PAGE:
This week in West Virginia history


Frank Woodruff Buckles, age 16, U.S. Regular Army, First Ft. Riley Casual Detachment of 102 men.


CHARLESTON — The following events happened on these dates in West Virginia history. To read more, go to e-WV: The West Virginia Encyclopedia at www.wvencyclopedia.org.

Jan. 29, 1903: The great rhododendron was designated the official state flower of West Virginia, after being recommended by the governor and voted on by students in the public schools.

Jan. 30, 1818: Nicholas County was created by the Virginia legislature from parts of Greenbrier, Kanawha, and Randolph counties. The county was named for Wilson Cary Nicholas, a Virginia governor and U.S. senator who lived from 1761 to 1820.

Jan. 30, 1895: Mingo County was created from the southern part of Logan County. Mingo is the youngest county in West Virginia.

Jan. 31, 1878: Educator William Woodson Trent was born in rural Nicholas County. He served as state superintendent of schools from 1933 until 1957.

Jan. 31, 1922: Movie and television actress Joanne Dru was born Joan Letitia Lacock in Logan. Her movie career included more than 40 films.

Jan. 31, 1945: Sergeant Jonah Edward Kelley of Mineral County was killed in action while leading his squad against German positions during World War II. He was awarded the Medal of Honor for his “superb courage.”

Feb. 1, 1832: Education reformer Alexander Luark Wade was born. Wade reorganized rural Monongalia County schools to require progress through eight prescribed levels with a graduating exercise and receipt of a diploma. Wade’s system worked so well, it was copied in other counties and states.

Feb. 1, 1901: Frank Buckles, the last known American veteran of World War I, was born in Missouri. Buckles purchased a farm in Charles Town in 1954 and continued to live there until his death in 2011.

February 2, 1908: Justice Marion Chambers was born in Huntington. Chambers was awarded the Medal of Honor for his actions in the Iwo Jima campaign in February 1945.

Feb. 3, 1825: Confederate General William Lowther Jackson was born in Clarksburg. He was one of at least three Southern officers to bear the nickname, “Mudwall.”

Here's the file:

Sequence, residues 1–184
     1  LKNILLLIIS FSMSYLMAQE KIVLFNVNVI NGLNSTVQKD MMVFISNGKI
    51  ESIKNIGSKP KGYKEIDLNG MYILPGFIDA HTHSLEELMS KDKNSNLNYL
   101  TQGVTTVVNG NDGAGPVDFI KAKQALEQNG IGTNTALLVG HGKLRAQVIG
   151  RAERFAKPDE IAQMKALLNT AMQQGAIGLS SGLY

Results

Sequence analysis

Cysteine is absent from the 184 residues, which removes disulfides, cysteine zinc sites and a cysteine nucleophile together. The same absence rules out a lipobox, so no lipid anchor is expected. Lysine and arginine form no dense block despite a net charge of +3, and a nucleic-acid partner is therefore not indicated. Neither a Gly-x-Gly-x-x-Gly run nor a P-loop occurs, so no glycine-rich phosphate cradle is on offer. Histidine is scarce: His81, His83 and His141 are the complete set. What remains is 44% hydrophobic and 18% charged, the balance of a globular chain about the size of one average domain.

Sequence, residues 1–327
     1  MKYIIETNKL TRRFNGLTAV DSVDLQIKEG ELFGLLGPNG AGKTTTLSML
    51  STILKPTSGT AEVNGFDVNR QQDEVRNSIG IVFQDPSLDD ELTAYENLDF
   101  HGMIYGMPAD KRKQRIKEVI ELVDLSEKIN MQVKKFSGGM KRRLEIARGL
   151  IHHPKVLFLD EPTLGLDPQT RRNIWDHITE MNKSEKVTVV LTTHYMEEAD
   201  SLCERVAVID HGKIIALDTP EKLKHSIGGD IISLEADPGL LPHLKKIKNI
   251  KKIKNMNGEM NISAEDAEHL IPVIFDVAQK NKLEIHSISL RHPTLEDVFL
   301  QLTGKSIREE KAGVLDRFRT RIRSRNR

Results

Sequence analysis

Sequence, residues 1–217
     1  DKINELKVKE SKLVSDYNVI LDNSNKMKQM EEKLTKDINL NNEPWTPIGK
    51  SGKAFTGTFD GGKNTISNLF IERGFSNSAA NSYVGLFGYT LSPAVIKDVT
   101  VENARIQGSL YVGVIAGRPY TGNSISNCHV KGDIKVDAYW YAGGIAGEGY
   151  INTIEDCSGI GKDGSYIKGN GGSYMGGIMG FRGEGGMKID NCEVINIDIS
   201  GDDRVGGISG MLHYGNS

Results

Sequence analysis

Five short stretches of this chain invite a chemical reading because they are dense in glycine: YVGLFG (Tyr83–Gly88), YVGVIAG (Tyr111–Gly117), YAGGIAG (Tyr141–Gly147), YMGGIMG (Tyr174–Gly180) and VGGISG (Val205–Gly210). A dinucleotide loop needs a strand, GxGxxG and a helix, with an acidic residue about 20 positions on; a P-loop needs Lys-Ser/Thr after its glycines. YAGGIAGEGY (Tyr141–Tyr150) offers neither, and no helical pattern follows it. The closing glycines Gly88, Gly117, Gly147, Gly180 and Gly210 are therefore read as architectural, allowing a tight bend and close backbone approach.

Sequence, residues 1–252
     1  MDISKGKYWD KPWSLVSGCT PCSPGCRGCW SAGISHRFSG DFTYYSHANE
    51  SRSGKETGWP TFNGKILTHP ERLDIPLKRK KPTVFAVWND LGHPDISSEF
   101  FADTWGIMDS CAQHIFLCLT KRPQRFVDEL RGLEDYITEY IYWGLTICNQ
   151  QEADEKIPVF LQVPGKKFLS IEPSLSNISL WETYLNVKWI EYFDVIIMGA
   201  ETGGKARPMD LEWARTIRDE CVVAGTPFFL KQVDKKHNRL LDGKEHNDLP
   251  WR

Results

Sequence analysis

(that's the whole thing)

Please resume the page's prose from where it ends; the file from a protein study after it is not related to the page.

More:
Feb. 3, 1845: Gilmer County, located in the heart of West Virginia, was established from parts of Kanawha and Lewis counties. It was named for Thomas W. Gilmer, a governor of Virginia.

Feb. 3, 1923: Broadcast announcer Jack Fleming was born in Morgantown. He was the long-time ‘‘Voice of the Mountaineers.’’

Feb. 3, 1961: The West Virginia legislature passed a resolution to officially adopt “The West Virginia Hills” as an official state song. ‘‘The West Virginia Hills’’ is the best-known of four official state songs.

Feb. 4, 1845: Doddridge County was formed from parts of Harrison, Lewis, Ritchie, and Tyler counties. It was named for Philip Doddridge, a Western Virginia congressman, state legislator, and member of the Virginia Constitutional Convention of 1829–30.

Feb. 4, 1945: The hotel at Minnehaha Springs was destroyed by fire. Completed in 1914, it was the first facility in Pocahontas County built strictly for the tourist business and was a forerunner of today’s local tourism economy.

Frank Woodruff Buckles, age 16, U.S. Regular Army, First Ft. Riley Casual Detachment of 102 men.
http://aimmedianetwork.com/wp-content/uploads/sites/24/2017/01/web1_1.28-PPR-Frank_Buckles_WW1_at_16.jpgFrank Woodruff Buckles, age 16, U.S. Regular Army, First Ft. Riley Casual Detachment of 102 men.

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